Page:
The alarm chirped at 4:30 am, that’s 4, 3, 0…in the morning. As I slogged out of bed, I stumbled around my bedroom, trying desperately to make it to the coffee pot, AKA liquid sanity, in the kitchen. The house was quite. My munchkins would not be stirring for hours. I wished for just a bit more sleep.
As I stood and drank my coffee, there was no time to sit, I started ticking through the list of to do’s for the day. The biggest of which included a two hour drive to Tulsa to teach. After draining the cup, I packed the kiddo’s school lunches, and hit the shower. More organized mothers would have packed lunches the night before, but alas, I am mid-30 ish, and organization does not seem to be in the cards during my lifetime.
After quickly making myself presentable, I tiptoed through the house, refilled the coffee cup, and hit the door. On the way out, I said a quick prayer of gratitude for Oma, our amazing babysitter and friend, who once again came through in a clutch, spending the night, so I could leave early. I found myself wishing I could take the kids to school. But work called and by 5:30, the Blue Shamoo (my minivan) and I were eastbound to Tulsa.
After a foggy and somewhat bleary-eyed drive, I finally arrived at my destination. When I walked in the room, where I was to teach my four hour class, I was greeted with a shocked look by the training coordinator.
“I thought you were teaching this afternoon! Right?” she said to me.
“Uh…” was my only response. On the inside, I was thinking, “This afternoon?” And then I was calculating the hours I would have to wait and the approximate time I would arrive home. In my mind, at that moment, I roughly figured sometime around midnight. Hope Oma packed another outfit!
“Hang on,” she said as she walked toward her office. She quickly checked her schedule, suddenly saying, “Nope, you’re teaching this morning. I got it backward.”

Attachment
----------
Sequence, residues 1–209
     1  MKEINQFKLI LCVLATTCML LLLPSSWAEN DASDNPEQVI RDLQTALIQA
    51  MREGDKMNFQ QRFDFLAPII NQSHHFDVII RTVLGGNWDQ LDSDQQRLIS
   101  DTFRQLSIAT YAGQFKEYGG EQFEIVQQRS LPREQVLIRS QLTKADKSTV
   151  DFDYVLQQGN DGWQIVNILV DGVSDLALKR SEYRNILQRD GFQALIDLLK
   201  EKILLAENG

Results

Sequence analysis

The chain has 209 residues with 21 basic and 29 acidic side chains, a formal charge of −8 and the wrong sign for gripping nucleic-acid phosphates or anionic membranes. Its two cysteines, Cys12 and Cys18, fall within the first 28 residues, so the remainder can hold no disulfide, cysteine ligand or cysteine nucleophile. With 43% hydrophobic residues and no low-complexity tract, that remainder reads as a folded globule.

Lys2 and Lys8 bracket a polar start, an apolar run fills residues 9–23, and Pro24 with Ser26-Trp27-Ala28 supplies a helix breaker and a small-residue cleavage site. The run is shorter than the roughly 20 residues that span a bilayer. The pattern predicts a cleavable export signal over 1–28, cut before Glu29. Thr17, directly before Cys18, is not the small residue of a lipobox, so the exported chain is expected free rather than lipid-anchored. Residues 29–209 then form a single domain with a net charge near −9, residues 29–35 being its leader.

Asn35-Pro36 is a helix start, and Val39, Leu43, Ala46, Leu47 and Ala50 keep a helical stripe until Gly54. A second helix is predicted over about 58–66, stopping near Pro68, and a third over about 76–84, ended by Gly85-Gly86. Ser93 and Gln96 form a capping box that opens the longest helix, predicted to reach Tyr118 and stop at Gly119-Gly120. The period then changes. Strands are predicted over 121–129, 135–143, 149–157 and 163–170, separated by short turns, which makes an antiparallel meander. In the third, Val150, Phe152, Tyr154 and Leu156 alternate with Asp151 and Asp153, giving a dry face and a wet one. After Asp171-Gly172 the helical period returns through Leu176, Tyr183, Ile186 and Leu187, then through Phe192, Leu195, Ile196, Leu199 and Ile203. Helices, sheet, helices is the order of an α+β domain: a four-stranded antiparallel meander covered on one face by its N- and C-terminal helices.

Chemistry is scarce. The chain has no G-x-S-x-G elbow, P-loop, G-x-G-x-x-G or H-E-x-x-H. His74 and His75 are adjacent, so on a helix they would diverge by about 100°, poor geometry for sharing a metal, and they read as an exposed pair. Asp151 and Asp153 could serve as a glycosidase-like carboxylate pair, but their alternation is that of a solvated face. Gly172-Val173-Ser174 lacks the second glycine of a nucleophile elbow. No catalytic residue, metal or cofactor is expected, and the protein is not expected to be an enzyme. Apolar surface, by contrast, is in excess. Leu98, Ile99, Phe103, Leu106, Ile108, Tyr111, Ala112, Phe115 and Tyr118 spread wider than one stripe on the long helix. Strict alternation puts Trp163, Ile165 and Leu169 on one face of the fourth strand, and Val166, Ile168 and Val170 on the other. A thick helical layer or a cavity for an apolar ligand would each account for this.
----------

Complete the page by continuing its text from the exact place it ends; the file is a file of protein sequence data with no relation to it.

I let out a breath like a deflated balloon, relieved to not spend an entire day and evening in Tulsa.
Finally, it was time for my class to start. I launched into my four hour class with gusto, and we were off. By the end of class, I was wishing for twenty more minutes, so I could answer more questions, cover things more thoroughly. But after years training adults, I well know the danger of extending a class into people’s lunch breaks. It really is the place good instructors go to die.
So, I did what I needed to and got the folks out of there with five minutes to spare. It was a bit like running a sprint, except your talking the entire time.
After the class was over, I spoke with a few people, and noticed one woman standing off to the side. When the others left, she walked up and said, “Being a police officer has been on my heart for a long time. I can’t shake it. I’m 34, with three kids, but I keep getting drawn back to it. Suggestions?”
As she poured out her story to me, I found myself wishing for the right words. How do you tell someone that something is fantastic, but comes at great cost? How do you encourage, but remain authentic to the reality that is law enforcement? As a mother, how do you build up, when you know the personal price will rock her family? I listened, smiled and continued to wish.
When she finished talking, I told her, “It’s the greatest job in the world. It’s so hard. It’s worth it, but it’s so hard. I want to encourage you, but I want to be honest. Do I regret it? Never. Am I proud? Absolutely. Has my career choice come at a price for my family? Without a doubt.”
I proceeded to give her information on the process, the realities of the academy, FTO, and patrol. I told her about the phenomenal ways I’ve impacted people. And I told her about the frustration of trying to empty the ocean with a spoon.
When I was done, she smiled, took my card, and said she would think about it.
As I limped to my car, I was wearing horribly awful dress shoes that felt like some form of torture, I thought about getting home to my kids, wishing I was there to pick them up from school.
After a 15 minute detour getting lost in Tulsa, I finally found a familiar highway and started the long drive home. In the quite of the Blue Shamoo, I thought about my day, and life in general. About all the wishing I was doing. What would it be like to stop wishing and just know that my best effort is enough? Is it possible that my children will grow up to be healthy, balanced adults, despite the fact that they had a mother who wished she could do so much of it differently? But even that question begs one for itself. If I did things differently, would I be wishing for what I have right now?
So, as I drove down that very long highway, I began thinking about gratitude. So many of us, myself included, spend our whole life wishing for more, different, better, that we fail to see the gift set right before us. What if we lived with open eyes, bigger perspectives and hearts that recognized our best efforts as just that, our very best? Would we see ourselves differently? What if we looked at our loved ones that way; our spouses, children, and friends?
Here’s to Wishful Wednesdays, my friends. May they be replaced with contentment and gratitude, and a cup of hot coffee.